There is no law which says that state legislators have to deal with reality.
In 1983 in Louisiana, the legislature amended an animal cruelty statute so that it could not be used to stop the popular Louisiana sport of cockfighting. To remove that terrible possibility, the legislators wrote a proviso which was added to the bill. It said, "For purposes of this Section, fowl shall not be defined as animals." If the legislature of Louisiana can decide that chickens are not animals, then other state legislatures can decide that real women with the moral agency to choose abortion simply do not exist. And they are deciding it all the time
Since the Republican sweep of 2010, 30 or more state legislatures have produced a flood, an avalanche (choose your metaphor) of anti-abortion legislation. The variety is enormous but behind all of them is the conviction that when a woman has an abortion, she is not operating as a moral agent: She is actually a victim. Insisting that women seeking and obtaining abortions are "victims" has a long history. Nineteenth century state legislators shared the same attitude as the current crop of anti-abortion legislators. Whether the legislators and the courts realized that putting women in jail was not going to be popular, or because they just didn't have the stomach for it, the majority of states decided to excuse women from punishment by claiming that they were incapable of making an adult decision to get an abortion. In practice women who obtained abortions were essentially immune from prosecution. There is no case in which an American woman was ever put on trial, let alone convicted, under an abortion law.
Following in this tradition any proposed modern legislation criminalizing abortion always has a provision that excludes punishment for the woman. Some states have passed conditional abortion bans designed to go into effect the moment the Roe decision is overturned. These so-called trigger laws "apply only to parties other than the (sic) mother."
In 2005, the state of South Dakota, known for its many anti-abortion statutes, appointed a South Dakota Task Force on Abortion to gather background material for a new abortion law. The authors of the report believe that a woman is primarily maternal. They are so convinced of their understanding of a woman's nature that they cannot believe that a woman could -- by herself -- decide to have an abortion. Noting that an abortion clinic will have a woman sign a waiver stating that she wants to have an abortion, they comment that such a waiver is an unreasonable expectation of the woman because, "It is so far outside the normal conduct of a mother to implicate herself in the killing of her own child."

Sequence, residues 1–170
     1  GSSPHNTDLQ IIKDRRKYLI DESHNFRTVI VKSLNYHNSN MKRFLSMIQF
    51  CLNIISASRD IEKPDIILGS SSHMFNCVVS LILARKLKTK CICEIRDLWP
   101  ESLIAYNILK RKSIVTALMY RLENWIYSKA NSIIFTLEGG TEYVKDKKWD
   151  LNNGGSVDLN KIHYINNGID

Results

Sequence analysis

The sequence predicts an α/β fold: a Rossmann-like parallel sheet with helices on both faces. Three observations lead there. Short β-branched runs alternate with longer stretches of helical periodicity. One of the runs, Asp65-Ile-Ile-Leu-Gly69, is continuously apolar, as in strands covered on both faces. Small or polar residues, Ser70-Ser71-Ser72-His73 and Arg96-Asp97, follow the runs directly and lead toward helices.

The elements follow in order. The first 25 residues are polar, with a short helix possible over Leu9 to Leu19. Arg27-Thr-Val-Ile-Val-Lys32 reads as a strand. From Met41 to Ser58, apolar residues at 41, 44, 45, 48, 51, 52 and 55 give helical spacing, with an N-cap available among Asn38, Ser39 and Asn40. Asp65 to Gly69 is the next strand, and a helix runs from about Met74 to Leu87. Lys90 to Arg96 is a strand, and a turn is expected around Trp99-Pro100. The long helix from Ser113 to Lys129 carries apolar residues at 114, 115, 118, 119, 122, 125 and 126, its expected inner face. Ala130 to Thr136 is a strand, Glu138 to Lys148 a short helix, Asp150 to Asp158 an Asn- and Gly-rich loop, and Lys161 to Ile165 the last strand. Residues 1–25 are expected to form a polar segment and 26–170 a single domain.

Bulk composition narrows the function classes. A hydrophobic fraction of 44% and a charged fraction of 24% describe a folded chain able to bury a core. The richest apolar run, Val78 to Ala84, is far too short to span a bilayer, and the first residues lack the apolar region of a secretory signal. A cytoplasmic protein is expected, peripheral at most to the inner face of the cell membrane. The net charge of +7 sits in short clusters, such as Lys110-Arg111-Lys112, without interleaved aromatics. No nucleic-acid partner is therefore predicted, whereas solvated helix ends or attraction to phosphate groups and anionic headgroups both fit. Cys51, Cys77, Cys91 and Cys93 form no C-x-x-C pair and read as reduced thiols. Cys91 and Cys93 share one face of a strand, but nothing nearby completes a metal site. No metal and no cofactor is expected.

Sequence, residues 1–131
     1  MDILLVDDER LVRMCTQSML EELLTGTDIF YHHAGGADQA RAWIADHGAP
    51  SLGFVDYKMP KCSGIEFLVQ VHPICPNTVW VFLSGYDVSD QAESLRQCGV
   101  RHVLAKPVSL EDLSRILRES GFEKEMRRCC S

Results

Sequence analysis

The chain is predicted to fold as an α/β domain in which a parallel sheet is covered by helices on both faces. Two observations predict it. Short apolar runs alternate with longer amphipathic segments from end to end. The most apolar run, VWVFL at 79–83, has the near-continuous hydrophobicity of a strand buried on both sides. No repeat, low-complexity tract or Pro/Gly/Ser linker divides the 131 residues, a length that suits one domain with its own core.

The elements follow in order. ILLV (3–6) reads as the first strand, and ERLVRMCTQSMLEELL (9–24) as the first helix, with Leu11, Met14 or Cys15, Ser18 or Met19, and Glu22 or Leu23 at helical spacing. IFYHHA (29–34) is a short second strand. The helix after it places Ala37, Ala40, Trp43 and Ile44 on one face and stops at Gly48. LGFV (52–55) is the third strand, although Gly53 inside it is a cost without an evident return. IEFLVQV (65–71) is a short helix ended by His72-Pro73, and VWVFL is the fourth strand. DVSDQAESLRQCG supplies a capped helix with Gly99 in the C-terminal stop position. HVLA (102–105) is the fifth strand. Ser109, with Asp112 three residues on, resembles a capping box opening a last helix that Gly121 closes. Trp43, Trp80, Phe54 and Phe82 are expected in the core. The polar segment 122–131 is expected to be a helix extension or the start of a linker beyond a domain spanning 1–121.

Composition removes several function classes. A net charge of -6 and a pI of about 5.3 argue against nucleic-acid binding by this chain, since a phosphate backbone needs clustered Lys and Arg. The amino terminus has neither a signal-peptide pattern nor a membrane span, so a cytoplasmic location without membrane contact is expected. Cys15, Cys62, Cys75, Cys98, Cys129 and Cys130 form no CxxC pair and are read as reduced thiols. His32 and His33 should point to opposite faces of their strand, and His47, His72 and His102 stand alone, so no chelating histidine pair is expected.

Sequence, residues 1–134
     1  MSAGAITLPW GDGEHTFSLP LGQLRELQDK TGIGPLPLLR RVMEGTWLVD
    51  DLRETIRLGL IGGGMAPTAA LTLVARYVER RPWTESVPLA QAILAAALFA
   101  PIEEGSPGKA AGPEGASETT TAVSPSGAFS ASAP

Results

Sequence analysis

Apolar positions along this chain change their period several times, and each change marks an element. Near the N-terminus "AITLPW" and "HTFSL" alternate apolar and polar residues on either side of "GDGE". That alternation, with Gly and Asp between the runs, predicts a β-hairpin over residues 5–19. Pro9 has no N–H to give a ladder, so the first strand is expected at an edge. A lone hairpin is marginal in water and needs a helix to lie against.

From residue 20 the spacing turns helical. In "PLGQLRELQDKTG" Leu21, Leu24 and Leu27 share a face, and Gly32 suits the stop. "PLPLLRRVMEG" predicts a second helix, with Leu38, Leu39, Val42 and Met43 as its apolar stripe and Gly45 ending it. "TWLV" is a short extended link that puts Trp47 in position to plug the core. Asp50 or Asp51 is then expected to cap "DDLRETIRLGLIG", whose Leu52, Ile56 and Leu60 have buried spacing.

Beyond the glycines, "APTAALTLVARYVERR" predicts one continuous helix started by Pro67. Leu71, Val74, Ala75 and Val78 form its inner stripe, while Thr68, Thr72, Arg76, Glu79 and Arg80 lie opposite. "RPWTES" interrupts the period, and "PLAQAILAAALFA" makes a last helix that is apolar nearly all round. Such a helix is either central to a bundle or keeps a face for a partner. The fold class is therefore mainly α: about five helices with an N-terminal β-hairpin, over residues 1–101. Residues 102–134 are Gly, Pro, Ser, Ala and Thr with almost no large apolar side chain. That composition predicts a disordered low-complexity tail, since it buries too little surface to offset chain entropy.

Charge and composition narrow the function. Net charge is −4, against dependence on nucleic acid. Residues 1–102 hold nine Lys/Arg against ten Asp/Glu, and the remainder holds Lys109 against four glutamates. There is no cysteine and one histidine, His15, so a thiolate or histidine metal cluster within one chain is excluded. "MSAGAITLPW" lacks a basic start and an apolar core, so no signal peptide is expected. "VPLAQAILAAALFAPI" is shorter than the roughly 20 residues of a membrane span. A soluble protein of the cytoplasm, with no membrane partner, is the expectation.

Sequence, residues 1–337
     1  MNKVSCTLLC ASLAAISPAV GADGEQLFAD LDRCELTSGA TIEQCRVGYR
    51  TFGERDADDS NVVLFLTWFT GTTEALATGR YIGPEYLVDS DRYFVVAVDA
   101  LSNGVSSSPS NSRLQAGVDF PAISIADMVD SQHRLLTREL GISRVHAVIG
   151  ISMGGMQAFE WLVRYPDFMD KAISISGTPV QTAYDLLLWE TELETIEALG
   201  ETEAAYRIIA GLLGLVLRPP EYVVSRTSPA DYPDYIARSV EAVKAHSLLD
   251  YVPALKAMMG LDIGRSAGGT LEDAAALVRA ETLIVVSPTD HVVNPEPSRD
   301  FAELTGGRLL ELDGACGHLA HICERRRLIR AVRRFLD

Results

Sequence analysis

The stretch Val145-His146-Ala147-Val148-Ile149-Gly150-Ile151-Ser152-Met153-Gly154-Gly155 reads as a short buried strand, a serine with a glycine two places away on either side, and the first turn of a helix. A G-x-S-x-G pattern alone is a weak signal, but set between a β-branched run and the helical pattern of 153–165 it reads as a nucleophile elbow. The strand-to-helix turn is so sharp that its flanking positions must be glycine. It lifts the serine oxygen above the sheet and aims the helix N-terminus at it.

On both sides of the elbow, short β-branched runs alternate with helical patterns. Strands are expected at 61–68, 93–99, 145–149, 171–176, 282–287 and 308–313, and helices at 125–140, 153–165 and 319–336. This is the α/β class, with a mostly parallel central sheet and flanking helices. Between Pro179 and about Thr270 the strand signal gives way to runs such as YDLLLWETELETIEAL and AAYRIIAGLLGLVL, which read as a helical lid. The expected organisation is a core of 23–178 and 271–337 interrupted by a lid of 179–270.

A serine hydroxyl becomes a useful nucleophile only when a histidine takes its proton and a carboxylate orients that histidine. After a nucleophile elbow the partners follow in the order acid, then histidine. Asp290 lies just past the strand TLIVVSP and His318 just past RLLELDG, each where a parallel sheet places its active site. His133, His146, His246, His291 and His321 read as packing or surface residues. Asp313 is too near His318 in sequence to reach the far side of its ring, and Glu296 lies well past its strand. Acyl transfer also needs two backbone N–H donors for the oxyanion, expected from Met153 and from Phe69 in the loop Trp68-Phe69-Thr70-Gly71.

How then did she come to sign the waiver? Here the writers insist there can be only two reasons:
Either the abortion provider must deceive the mother into thinking the unborn child does not yet exist, and thereby induce her consent without being informed, or the abortion provider must encourage her to defy her very nature as a mother to protect her child.
In other words, apparently women do not have the independence of mind and spirit to make this decision. Someone has tampered with them. That this view is extremely insulting to women does not seem to occur to the authors of the report. That many, many women can simply decide that they would not be good mothers, or that their interests lie elsewhere, or that they want to do something else with their life, is something the writers simply refuse to believe. They are not alone. Hundreds of state legislators seem to agree.
There is one ancient religious tradition which does recognize both the realities of women's lives and their moral agency -- traditional Judaism. The rabbinical tradition proclaimed that men were required to build up the House of Israel by having children, but women were not so commanded. Rabbi Sofer's phrase was "No woman is required to build the world by destroying herself." It was a simple recognition of the fact that having a baby always entails a risk. These rabbis, all men, believed that they had no right to command a woman to go through a pregnancy. They understood of course that most women would probably choose to have children, but they would not command it. She should have the right to make that decision. Unfortunately, many state legislatures do not seem to have any trouble commanding it.
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